There’s nothing more fun than making campaign mountains out of personnel mole hills.[read_more]
Matt Hall at Bearing Drift reprinted a post from Fredericks this morning which Mr. Fredericks had offered as a guest post to The Bull Elephant yesterday. We chose not to run it because it does not reflect what we know to be true, though in fairness to Hall, those from outside the immediate environs of the campaign might be forgiven the mistake.
Fredericks gets one thing right. Rollin Reisinger, former campaign manager for Susan Stimpson’s bid to unseat House Speaker Bill Howell (R-Stafford), resigned his position a few days ago. Fredericks then extrapolates this bit of bad news into a conclusion that the Stimpson campaign is doomed, and that “[t]his race is approaching blowout status.”
That’s nonsense. (We suppose that begs the question, “Is it time to call this race?“) (tongue planted firmly in cheek, ICYMI).
Does the Speaker have huge advantages in fundraising, and concomitant strength in things like paid volunteers, staff, and mailers? You bet…by a long shot.
But make no mistake, the Speaker will have to work for his renomination, if he gets it. He’ll need that superior organization and firepower. Howell knows this, and makes a point of telling Republican audiences that he doesn’t take this race for granted. There’s a good reason he’s spending that kind of money in his own district and not elsewhere, and that has to do with the strength of Stimpson’s message on taxes, and her tirelessness and prior successes as a grassroots campaigner.
When reached for comment about the Reisinger departure, both campaigns decided they had better things to talk about. Howell spokesman Matt Moran had this to say:
As we have been all along, we’re focused on running our campaign and sharing the Speaker’s record of proven, conservative leadership with the voters of the 28th District. We’re very excited by the response to our consistently positive message and we’re going to keep building on that momentum.
We received the following statement from Ms. Stimpson:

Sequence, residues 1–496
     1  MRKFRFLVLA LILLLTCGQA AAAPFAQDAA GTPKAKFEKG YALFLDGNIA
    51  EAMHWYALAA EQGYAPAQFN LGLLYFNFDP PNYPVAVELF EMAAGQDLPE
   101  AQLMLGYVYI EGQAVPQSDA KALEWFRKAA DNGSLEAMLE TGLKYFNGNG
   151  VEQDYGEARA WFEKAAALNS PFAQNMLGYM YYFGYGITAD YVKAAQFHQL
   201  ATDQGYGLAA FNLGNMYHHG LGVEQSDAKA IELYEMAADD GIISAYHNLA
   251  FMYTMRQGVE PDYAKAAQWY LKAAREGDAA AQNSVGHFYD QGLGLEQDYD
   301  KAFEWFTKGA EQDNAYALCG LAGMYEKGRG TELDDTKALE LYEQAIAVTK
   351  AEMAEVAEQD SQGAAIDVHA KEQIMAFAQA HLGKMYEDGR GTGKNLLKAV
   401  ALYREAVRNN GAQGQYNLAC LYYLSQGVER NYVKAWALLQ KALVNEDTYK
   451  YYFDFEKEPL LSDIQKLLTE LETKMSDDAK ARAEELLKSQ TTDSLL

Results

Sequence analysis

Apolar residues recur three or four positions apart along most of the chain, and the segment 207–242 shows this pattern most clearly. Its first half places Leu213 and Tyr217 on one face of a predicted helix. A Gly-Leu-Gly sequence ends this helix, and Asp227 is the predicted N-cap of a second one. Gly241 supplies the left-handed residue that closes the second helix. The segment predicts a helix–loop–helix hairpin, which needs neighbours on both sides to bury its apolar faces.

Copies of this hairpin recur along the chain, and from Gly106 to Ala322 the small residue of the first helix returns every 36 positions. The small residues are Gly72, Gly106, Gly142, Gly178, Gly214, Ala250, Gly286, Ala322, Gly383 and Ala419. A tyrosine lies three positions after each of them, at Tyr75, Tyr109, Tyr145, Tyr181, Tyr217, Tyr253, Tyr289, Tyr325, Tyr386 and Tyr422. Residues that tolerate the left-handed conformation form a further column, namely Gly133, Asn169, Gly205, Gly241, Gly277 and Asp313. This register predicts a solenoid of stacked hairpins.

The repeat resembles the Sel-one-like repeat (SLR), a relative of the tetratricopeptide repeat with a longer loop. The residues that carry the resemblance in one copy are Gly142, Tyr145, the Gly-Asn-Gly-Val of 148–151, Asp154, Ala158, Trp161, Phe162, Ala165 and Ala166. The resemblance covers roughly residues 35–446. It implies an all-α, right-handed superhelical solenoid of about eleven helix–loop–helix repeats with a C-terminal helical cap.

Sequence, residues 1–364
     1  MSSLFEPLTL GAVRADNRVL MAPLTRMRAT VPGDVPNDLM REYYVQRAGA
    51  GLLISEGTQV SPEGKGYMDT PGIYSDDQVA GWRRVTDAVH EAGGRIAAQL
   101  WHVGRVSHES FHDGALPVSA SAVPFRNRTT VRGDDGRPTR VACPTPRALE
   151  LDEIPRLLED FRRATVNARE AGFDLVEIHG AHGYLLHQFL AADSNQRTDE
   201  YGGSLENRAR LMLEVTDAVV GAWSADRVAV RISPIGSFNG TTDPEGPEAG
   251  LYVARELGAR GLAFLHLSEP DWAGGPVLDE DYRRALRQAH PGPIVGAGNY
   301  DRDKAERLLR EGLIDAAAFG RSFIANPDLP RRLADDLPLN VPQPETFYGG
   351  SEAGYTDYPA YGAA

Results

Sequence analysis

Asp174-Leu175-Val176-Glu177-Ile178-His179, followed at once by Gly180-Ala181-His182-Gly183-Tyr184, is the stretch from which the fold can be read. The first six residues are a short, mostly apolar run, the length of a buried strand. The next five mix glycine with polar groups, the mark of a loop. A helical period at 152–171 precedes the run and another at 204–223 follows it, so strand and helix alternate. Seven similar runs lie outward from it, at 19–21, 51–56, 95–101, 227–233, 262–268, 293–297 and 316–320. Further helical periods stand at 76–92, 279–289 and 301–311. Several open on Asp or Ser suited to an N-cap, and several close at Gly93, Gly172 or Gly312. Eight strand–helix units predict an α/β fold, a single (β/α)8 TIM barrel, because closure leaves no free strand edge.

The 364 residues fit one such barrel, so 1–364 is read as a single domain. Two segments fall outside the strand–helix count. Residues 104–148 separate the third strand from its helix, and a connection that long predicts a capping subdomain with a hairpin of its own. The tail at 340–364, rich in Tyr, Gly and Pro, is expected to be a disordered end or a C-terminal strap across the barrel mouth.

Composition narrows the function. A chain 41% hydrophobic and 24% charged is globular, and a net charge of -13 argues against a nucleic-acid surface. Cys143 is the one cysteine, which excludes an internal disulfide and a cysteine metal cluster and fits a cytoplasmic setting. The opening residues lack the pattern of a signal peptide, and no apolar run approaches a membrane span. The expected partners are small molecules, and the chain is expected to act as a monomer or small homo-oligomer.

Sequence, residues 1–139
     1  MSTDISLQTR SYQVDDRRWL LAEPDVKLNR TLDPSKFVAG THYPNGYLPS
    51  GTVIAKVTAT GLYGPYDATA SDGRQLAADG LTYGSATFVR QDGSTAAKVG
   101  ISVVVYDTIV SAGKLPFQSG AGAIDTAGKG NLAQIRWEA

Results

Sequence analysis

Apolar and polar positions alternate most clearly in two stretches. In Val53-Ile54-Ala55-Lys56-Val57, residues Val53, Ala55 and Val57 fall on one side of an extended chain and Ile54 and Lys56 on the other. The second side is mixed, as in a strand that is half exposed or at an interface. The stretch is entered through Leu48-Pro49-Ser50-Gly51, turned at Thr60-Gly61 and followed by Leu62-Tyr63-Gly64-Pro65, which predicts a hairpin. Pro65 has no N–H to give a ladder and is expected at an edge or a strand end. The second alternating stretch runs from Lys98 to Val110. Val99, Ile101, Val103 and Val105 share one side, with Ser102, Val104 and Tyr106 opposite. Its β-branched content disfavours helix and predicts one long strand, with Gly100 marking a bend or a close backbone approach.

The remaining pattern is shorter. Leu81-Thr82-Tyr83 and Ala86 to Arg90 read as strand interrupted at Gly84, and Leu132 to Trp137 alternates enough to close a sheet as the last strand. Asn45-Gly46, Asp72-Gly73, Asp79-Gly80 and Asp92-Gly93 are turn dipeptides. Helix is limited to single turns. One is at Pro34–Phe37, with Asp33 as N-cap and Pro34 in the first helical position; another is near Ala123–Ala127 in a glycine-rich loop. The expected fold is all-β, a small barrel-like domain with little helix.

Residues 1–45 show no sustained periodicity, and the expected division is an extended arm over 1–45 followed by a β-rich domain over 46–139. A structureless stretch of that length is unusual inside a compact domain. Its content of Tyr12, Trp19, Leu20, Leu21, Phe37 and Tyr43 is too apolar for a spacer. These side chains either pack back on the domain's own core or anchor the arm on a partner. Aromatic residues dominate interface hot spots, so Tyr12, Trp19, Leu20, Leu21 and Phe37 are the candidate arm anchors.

Our campaign has been disciplined, both on my key message of keeping taxes low, and on the number of voters I have personally met with. This is a race that requires perseverance and commitment—both of which I have. I also care deeply for the people of Stafford and Fredericksburg, and I want each person to live and to live abundantly. Our campaign is all about liberty and trusting the individual to navigate his or her own course.
Campaign staff changes are nothing new in politics, and despite the efforts of some who wish to reverse the conservative tide, we remain 100% focused on our goal — victory on June 9th.
Having a staff shakeup less than six weeks out from election day is undeniably not good news, even if only because it is a distraction from the real issues. But it may or may not be a sign of actual trouble. Something like this is certainly not unheard of, even in successful campaigns. We just don’t know the whole story.
But what we do know is that VPAP shows that Stimpson has raised $76,000 as of the last report. That’s nowhere near Speaker Howell’s total, of course, but it far outstrips a whole lot of other candidates, including every other candidate (incumbent or challenger) in contested House primaries this year. Del. Chris Head (R-Roanoke) raised the most of this bunch among Republicans, at $42,000. Former Del. Mark Dudenhefer, who has only been out of office two years and has many of the same advantages as incumbents, raised $37,000 (including $500 from your humble correspondent). These are healthy numbers for House races at this point in the cycle. So while she’s being outspent by a lot, and surely wishes she had much more cash, it’s not as if she doesn’t have a respectable ability to get her message out.
All of this is simply to say that it is ridiculous to characterize the race in the 28th House of Delegates as “approaching blowout status.” Howell still has advantages on most available metrics, and still must be considered the conventional wisdom favorite. And let’s not forget recent history, when conventional wisdom got thrown out on its ear. From my vantage point in Stafford, both campaigns are reaching and engaging lots and lots of voters, and this race has a long way to go yet.
But if the premature and overblown schadenfreude triggered by a staff departure is any indicator of what’s in store, it’s going to be a bumpy ride in the closing weeks.